Dr Norouzi was found to have engaged in ‘inappropriate practice’ by a Professional Services Review (PSR) Committee (as defined under the Health Insurance Act 1973) because he had been found to have used MBS items for afterhours services which had not been rendered in compliance with Medicare’s requirements. In that regard, the criteria for MBS item 597 and 599 (that the patient’s conditions required urgent medical treatment) was not met.
Subsequent to the PSR Committee hearing, the matter moved to the Determining Authority to decide upon the relevant sanction to be imposed.
The Determining Authority decided, inter alia, to require Dr Norouzi to repay the Medicare benefits for MBS items 597 and 599 which were found to have been inappropriately rendered, less the amount that Dr Norouzi had already voluntarily repaid.
Dr Norouzi sought judicial review of the PSR Committee and the Determining Authority decisions.
The Court held that the application in respect of the PSR Committee was made out of time and no extension of time was allowed. Therefore the application for judicial review of the PSR Committee decision was dismissed.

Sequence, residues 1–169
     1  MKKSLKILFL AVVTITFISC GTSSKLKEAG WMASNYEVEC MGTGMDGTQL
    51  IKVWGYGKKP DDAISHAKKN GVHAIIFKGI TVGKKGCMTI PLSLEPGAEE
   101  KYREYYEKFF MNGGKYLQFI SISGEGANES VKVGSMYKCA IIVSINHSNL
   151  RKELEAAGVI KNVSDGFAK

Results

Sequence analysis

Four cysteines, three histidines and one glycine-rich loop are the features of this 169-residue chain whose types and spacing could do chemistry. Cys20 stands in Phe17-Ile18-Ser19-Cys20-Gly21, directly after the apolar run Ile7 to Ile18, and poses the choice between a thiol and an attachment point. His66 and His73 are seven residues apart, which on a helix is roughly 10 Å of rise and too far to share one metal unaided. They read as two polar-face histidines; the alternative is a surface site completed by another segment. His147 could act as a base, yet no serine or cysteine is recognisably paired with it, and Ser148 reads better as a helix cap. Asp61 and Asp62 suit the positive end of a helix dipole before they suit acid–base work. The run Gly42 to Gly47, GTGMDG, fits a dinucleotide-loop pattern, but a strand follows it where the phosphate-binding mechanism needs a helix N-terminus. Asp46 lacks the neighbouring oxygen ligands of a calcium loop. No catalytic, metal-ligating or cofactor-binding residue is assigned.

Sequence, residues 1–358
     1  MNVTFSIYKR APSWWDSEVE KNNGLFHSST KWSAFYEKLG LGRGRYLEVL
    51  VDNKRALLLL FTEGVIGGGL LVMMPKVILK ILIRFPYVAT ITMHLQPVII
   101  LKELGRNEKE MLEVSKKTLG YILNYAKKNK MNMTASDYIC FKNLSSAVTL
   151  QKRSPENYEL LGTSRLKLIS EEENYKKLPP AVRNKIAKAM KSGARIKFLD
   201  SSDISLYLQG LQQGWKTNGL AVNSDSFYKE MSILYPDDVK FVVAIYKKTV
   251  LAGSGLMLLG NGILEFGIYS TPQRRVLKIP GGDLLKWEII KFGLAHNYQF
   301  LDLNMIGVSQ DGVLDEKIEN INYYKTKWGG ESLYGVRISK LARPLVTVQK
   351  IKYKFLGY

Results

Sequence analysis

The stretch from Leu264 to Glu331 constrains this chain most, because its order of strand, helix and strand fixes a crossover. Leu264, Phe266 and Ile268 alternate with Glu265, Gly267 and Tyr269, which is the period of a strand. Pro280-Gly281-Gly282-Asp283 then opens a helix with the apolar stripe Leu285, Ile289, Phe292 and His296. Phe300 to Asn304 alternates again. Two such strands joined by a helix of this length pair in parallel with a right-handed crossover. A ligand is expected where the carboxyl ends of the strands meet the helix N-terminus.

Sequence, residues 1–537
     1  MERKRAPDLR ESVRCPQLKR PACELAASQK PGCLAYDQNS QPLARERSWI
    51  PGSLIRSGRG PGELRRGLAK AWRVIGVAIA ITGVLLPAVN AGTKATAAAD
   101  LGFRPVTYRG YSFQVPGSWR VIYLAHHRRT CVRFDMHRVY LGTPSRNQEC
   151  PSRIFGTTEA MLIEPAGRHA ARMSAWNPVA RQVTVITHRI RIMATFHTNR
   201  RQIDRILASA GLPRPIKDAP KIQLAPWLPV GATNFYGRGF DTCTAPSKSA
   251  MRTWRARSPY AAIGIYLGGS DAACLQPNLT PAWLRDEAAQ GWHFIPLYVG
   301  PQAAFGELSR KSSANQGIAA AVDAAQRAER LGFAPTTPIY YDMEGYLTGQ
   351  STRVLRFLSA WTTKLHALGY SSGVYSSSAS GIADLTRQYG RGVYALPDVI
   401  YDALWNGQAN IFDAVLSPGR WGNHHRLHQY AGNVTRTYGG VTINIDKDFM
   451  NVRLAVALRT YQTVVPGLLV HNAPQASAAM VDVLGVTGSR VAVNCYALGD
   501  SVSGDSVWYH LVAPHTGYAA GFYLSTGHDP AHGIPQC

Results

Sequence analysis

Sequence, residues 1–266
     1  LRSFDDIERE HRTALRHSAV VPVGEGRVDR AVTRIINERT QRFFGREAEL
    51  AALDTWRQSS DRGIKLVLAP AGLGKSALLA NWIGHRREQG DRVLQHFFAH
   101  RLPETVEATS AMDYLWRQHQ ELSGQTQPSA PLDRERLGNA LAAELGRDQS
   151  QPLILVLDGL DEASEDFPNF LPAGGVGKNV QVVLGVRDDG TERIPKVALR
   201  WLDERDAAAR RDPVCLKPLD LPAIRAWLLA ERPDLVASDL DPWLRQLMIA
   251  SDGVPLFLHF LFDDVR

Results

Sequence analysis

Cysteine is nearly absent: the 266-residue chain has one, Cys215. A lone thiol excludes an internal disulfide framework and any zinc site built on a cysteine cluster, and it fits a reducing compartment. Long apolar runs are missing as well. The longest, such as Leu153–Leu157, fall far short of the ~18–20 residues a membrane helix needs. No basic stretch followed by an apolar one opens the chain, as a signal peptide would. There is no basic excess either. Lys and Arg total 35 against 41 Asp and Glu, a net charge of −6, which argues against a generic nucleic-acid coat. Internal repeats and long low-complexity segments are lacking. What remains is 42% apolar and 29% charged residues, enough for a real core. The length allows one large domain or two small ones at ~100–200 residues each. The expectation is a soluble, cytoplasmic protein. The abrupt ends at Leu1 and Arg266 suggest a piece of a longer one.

In respect of the decision by the Determining Authority, Dr Norouzi argued that he should only be required to repay the difference between the urgent MBS item incorrectly ascribed to the service and non-urgent MBS item which would have been applicable to the service. This argument was advanced because the PSR Committee had found that a service was in fact performed.
The Court accepted Dr Norouzi’s argument and held that ‘the flaw in the decision in relation to repayment is misapprehension of an ability to require part payment and that engaging with the submissions made to it did not require any departure from the committee’s findings, only intellectual engagement with them and the MBS.’
The Court did not quash the whole of the Determining Authority’s decision but only the direction in respect of the repayment. The matter was remitted back to the Determining Authority for reconsideration according to law.
This article was written by Scott Chapman, Partner and Megan Priestley, Special Counsel.